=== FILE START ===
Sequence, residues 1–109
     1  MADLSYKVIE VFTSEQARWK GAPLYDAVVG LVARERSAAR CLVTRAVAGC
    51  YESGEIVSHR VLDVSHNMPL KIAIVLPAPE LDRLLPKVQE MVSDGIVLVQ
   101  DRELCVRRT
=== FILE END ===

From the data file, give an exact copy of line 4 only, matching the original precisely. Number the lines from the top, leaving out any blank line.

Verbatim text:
   101  DRELCVRRT